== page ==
Best SSD for $250:

Crucial M500 480GB

- $249.99 at Amazon (USA Shipping)
- $249.99 at B&H (International Shipping)

  • Price: $249.99
  • Capacity: 480GB
  • Price per GB: $0.52/GB
  • Warranty: 5 years
  • Includes a 2.5″ to 3.5″ bracket adapter? No.

At $259, this is the least expensive 480GB SSD that I recommend, at only $0.54 per GB.

Recommended if you want a reliable 240GB SSD with average performance (for a SSD, still far better than a hard drive), at a very low price.

Support the Microsoft’s eDrive spec for encryption.

It does not includes a 2.5″ to 3.5″ bracket adapter, so if you want to use it in a desktop, make sure that either your case supports 2.5″ drives or get a 2.5″ to 3.5″ bracket adapter for $8 at B&H (International Shipping).

Best SSD for $285:

$283.00 – SanDisk Extreme II 480 GB

  • Price: $283
  • Capacity: 480GB
  • Price per GiB: $0.60/GB
  • Warranty: 5 years
  • Includes a 2.5″ to 3.5″ bracket adapter? No.

Replacing the Samsung 840 EVO at this price point, with its higher performance and longer warranty (5 years vs 3)

Avoid for Macbook Pro users: There appears to be an issue with Macbook pro users with the their laptops taking 20-30 seconds to come back from sleep mode.

It does not includes a 2.5″ to 3.5″ bracket adapter, so if you want to use it in a desktop, make sure that either your case supports 2.5″ drives or get a 2.5″ to 3.5″ bracket adapter for $8 at B&H (International Shipping).

For International Readers:
If you live outside the USA and can’t order from Amazon, consider the $299 – Samsung 840 EVO 500GB from B&H, who offers international shipping and accepts Paypal (as well as credit cards and other forms of payment).

If you’ll settle for nothing less than THE fastest 2.5″ SSD:
If you don’t want the 2nd fastest SSD and would rather get THE fastest 2.5″ SSD, the Samsung 840 Pro 512GB ( $397.00 at Amazon (USA) or $397.00 at B&H (International Shipping) ) is the way to go.

Best SSD for $350:

Samsung 840 EVO 750GB

- $349.99 at Amazon (USA)
- $389.99 at B&H (International Shipping)

  • Price: $349.99
  • Capacity: 750GB
  • Price per GB: $0.47/GB
  • Warranty: 3 years
  • Includes a 2.5″ to 3.5″ bracket adapter? No.

The Samsung 840 EVO offers great performance and top-notch reliability at a low price of $350 for 750GB of storage capacity or $0.47/GB!

It does not includes a 2.5″ to 3.5″ bracket adapter, so if you want to use it in a desktop, make sure that either your case supports 2.5″ drives or get a 2.5″ to 3.5″ bracket adapter for $8 at B&H (International Shipping).

Best SSD for $460:

Crucial M500 960GB

- $454.99 at Amazon (USA Shipping)
- $454.99 at B&H (International Shipping)

  • Price: $454.99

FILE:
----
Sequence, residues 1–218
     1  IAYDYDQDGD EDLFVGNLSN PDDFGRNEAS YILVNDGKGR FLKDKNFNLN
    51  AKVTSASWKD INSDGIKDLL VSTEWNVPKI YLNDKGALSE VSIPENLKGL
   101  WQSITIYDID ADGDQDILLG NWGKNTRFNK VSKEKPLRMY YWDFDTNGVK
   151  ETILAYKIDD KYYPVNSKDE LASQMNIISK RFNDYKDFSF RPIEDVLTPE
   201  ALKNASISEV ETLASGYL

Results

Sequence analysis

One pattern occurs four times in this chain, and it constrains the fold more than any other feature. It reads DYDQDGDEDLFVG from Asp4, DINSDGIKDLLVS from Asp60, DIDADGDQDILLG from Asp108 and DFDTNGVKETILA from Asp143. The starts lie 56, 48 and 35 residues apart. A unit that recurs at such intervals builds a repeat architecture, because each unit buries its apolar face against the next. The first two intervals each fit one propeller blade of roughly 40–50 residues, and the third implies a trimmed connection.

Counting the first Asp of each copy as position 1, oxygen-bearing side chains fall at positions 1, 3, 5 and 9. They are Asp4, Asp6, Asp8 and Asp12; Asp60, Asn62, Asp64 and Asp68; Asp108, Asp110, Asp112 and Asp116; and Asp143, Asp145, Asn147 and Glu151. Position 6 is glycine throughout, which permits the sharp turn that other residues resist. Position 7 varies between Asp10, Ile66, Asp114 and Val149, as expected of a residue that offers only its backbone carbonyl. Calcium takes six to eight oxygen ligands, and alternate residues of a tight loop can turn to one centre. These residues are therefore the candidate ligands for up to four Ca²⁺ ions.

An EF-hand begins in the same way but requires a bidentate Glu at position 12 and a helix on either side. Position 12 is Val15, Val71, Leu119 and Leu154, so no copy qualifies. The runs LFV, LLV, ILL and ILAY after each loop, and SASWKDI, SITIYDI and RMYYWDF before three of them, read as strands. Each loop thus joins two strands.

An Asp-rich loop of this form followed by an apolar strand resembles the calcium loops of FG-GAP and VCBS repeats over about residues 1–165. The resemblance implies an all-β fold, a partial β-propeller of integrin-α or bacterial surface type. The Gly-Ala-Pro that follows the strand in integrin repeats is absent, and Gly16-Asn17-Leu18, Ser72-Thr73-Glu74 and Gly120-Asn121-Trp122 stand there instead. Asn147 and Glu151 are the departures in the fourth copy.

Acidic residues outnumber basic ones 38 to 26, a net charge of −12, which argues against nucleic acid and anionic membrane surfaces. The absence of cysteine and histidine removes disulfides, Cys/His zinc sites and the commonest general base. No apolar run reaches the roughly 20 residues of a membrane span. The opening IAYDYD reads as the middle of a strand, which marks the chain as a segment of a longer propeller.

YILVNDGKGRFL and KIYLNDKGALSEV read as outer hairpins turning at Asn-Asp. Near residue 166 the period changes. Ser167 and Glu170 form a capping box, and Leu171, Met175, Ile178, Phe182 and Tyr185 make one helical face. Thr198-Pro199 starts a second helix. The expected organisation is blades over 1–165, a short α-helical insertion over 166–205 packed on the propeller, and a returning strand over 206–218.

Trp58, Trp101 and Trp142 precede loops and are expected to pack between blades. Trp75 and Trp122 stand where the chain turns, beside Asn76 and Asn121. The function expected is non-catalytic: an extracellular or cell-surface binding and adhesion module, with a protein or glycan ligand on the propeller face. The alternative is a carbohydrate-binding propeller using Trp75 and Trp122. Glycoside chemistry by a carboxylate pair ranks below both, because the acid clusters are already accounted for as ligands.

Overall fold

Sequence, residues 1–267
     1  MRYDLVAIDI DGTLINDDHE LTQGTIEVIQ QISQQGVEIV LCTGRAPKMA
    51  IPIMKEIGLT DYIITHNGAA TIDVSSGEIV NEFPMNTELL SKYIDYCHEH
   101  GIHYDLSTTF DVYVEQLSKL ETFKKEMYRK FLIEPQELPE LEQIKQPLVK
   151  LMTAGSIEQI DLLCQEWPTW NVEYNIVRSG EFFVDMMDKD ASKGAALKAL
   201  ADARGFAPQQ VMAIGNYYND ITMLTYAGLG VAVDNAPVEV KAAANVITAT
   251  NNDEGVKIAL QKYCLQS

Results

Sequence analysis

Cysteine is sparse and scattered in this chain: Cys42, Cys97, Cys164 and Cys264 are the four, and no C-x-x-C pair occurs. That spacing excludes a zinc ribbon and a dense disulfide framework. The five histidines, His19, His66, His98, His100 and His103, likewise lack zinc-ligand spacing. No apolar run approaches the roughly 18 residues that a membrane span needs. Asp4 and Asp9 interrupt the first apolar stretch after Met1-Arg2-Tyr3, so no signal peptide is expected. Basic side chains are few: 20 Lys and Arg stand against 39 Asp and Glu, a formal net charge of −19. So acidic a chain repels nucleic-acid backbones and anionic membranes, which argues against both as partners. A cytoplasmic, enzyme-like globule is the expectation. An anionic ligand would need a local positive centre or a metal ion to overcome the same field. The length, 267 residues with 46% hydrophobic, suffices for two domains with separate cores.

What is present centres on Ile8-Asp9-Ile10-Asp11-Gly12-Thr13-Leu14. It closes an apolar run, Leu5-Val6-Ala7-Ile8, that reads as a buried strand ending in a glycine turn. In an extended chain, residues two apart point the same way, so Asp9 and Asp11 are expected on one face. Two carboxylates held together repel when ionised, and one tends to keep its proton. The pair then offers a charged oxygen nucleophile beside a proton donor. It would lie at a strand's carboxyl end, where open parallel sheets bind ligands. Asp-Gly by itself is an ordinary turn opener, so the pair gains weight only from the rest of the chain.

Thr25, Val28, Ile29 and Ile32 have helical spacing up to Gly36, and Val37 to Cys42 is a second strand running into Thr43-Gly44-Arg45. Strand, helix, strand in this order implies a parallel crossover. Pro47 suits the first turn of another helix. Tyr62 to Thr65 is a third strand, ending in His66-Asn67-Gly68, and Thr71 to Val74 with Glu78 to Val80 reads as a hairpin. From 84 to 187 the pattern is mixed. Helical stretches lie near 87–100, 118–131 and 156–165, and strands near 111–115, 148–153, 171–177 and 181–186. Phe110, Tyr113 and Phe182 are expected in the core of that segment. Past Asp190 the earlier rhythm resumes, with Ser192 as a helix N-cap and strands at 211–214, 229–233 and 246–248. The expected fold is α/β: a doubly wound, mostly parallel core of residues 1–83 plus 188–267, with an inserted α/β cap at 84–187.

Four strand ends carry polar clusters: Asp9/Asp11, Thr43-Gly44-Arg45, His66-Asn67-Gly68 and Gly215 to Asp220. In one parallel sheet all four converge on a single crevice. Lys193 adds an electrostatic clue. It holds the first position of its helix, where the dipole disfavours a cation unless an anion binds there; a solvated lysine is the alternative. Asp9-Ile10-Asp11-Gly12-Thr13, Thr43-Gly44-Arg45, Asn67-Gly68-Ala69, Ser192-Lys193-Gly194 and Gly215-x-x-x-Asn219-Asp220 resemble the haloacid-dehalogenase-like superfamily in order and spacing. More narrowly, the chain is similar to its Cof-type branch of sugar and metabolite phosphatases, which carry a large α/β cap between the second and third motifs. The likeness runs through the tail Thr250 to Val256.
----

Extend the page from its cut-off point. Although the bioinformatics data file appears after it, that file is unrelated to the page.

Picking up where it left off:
• Capacity: 960GB
  • Price per GB: $0.47/GB
  • Warranty: 3 years
  • Includes a 2.5″ to 3.5″ bracket adapter? No.

At $455, this is the least expensive 960GB SSD that I recommend, at only $0.47 per GB.

Recommended if you want a reliable 960GB SSD with average performance (for a SSD, still far better than a hard drive), at a very low price.

Support the Microsoft’s eDrive spec for encryption.

It does not includes a 2.5″ to 3.5″ bracket adapter, so if you want to use it in a desktop, make sure that either your case supports 2.5″ drives or get a 2.5″ to 3.5″ bracket adapter for $8 at B&H (International Shipping).

Best SSD for $530:

Samsung 840 EVO 1TB

$484.00 at Amazon (USA)
$539.00 at B&H (International Shipping)

  • Price: $484
  • Capacity: 1TB
  • Price per GB: $0.48/GB
  • Warranty: 3 years
  • Includes a 2.5″ to 3.5″ bracket adapter? No

The Samsung 840 EVO offers great performance and top-notch reliability at a low price of $484 for 1TB of storage capacity or $0.48/GB!

It does not includes a 2.5″ to 3.5″ bracket adapter, so if you want to use it in a desktop, make sure that either your case supports 2.5″ drives or get a 2.5″ to 3.5″ bracket adapter for $8 at B&H (International Shipping).

Updating the SSD firmware

Recommended to get the latest bug fixes and the best performance possible out of your SSD.

Before you start using your SSD, I strongly urge you to double-check for an update to the SSD’s firmware, in order to get the latest bug fixes and the best performance. Make sure to read the instructions available on each update page, in order to understand how to properly update the firmware.

Some SSDs have newer firmware available than the one that they are shipped with, so make sure to double-check your SSD’s firmware version and to update it if’s not the latest.